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Abe on a pretentious remorse visit to Hawaii

By Zhou Yousheng | China Daily | Updated: 2016-12-13 07:34

Abe on a pretentious remorse visit to Hawaii

Xia Shuqin (R), a survivor of the Nanjing Massacre, and her family members mourn the victims at the Memorial Hall of the Victims in Nanjing Massacre by Japanese Invaders in Nanjing, capital of East China's Jiangsu province, Dec 3, 2016. [Photo/Xinhua]

A series of commemorative events have been held in Nanjing, East China's Jiangsu province, ahead of the National Memorial Day for Nanjing Massacre Victims on Tuesday, with many people mourning the deaths of relatives who were killed in the massacre.

More than 300,000 Chinese citizens fell victim to the invading Japanese troops in Nanjing from December 1937 to January 1938. But Japanese Prime Minister Shinzo Abe does not seem to be bothered that Japan is yet to offer a sincere apology to the neighboring countries that were occupied and terrorized by Japan before and during World War II. Instead, he has decided to visit Pearl Harbor on Dec 26 with US President Barack Obama 75 years after Japan launched an attack on Hawaii.

But Abe's visit to Hawaii-the first by a Japanese leader to Pearl Harbor since the end of World War II-is about "consoling the souls of those who died in the war", not to apologize for Japan's wartime crimes, Japanese Chief Cabinet Secretary Yoshihide Suga has said. Which means Abe is not likely to apologize for the attack on Hawaii that killed more than 2,000 US citizens.

His apology-free trip to Hawaii offers a glimpse into the prevailing, yet false reading of history among a slew of Japanese leaders that owning up to the country's wartime past is not necessary, which contradicts the much-touted Japanese "noble and precious" values of liberty, democracy and the rule of law.

Refusing to face up to the country's wartime past will not absolve Japanese leaders of their responsibilities. Rather, it will call into question their credibility. The irony is, the globally respected principle of liberty, democracy and the rule of law is the result of the collapse of fascism and its once-dedicated followers-Japan, Germany and Italy.

In the case of Pearl Harbor, Japan launched a war against the United States. Their engagement, however, was basically on an equal footing given their comparative military strength and geopolitical influence at the time. In contrast, what Japan unleashed on China and its people was sheer terror since China was much weaker then. And the most tragic example of that terror was the slaughter of more than 300,000 Chinese people in Nanjing, which was not only an immoral but also irredeemable crime.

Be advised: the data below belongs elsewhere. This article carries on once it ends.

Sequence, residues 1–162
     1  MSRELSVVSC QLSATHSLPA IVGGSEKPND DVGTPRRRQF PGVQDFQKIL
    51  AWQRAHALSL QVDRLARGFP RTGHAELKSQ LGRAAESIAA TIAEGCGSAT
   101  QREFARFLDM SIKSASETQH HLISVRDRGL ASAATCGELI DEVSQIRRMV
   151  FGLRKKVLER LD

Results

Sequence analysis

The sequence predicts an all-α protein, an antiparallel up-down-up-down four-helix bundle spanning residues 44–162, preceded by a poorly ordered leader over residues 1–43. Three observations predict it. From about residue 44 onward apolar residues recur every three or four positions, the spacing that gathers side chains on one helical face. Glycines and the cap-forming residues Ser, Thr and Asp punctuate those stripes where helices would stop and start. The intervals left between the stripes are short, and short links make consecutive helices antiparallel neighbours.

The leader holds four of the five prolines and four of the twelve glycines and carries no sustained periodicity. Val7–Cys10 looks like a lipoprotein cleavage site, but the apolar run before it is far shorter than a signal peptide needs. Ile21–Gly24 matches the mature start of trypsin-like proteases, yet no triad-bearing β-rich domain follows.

If Abe could express "deep remorse" over the Japanese military's atrocities to the US and visit Pearl Harbor in the name of "reconciliation", he should have had done the same to China a long time ago. Unfortunately, he did not and has no intention to do so, let alone pay a visit to Nanjing.

Chinese people deserve a proper apology from a sitting Japanese leader for what the Imperial Japanese Army did in Nanjing and elsewhere in China. So do those in many other Asian countries, which, as Chinese foreign ministry spokesman Lu Kang said on Wednesday, are available for Japan to offer condolences to victims of its wartime atrocities. Their request is by no means about "playing the history card".

In fact, there have been heartfelt reflections of Japan's wartime past by many Japanese, including former prime minister Yukio Hatoyama. Although Hatoyama did not visit Nanjing while in office due to domestic pressures, he went to the Chinese city to express his deep repentance for the notorious massacre after his term in office.

Just one month ago he apologized again for Japan's bombardment of Southwest China's Chongqing from 1938 to 1944, which left more than 30,000 people dead or injured, and criticized Abe for playing up the "China threat" theory.

But his criticism of Tokyo's distorted views on history drew fierce opposition, even insults, at home, casting a shadow over the promotion of the "freedom of speech" in Japan. Reconciliation is called for, but it is only possible if the incumbent Japanese administration stops playing word games and reiterates its promise to avoid repeating "the horrors of war".

The author is a professor of Japanese studies at China Foreign Affairs University.

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